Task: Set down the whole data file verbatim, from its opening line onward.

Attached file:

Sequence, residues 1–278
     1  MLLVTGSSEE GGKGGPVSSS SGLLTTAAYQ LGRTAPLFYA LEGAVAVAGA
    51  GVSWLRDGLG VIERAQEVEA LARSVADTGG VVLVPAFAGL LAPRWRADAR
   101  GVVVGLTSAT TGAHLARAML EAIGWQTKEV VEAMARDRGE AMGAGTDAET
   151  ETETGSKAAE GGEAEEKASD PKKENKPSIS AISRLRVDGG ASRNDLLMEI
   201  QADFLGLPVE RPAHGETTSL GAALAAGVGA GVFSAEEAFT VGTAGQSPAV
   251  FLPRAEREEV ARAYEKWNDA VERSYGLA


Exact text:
Sequence, residues 1–278
     1  MLLVTGSSEE GGKGGPVSSS SGLLTTAAYQ LGRTAPLFYA LEGAVAVAGA
    51  GVSWLRDGLG VIERAQEVEA LARSVADTGG VVLVPAFAGL LAPRWRADAR
   101  GVVVGLTSAT TGAHLARAML EAIGWQTKEV VEAMARDRGE AMGAGTDAET
   151  ETETGSKAAE GGEAEEKASD PKKENKPSIS AISRLRVDGG ASRNDLLMEI
   201  QADFLGLPVE RPAHGETTSL GAALAAGVGA GVFSAEEAFT VGTAGQSPAV
   251  FLPRAEREEV ARAYEKWNDA VERSYGLA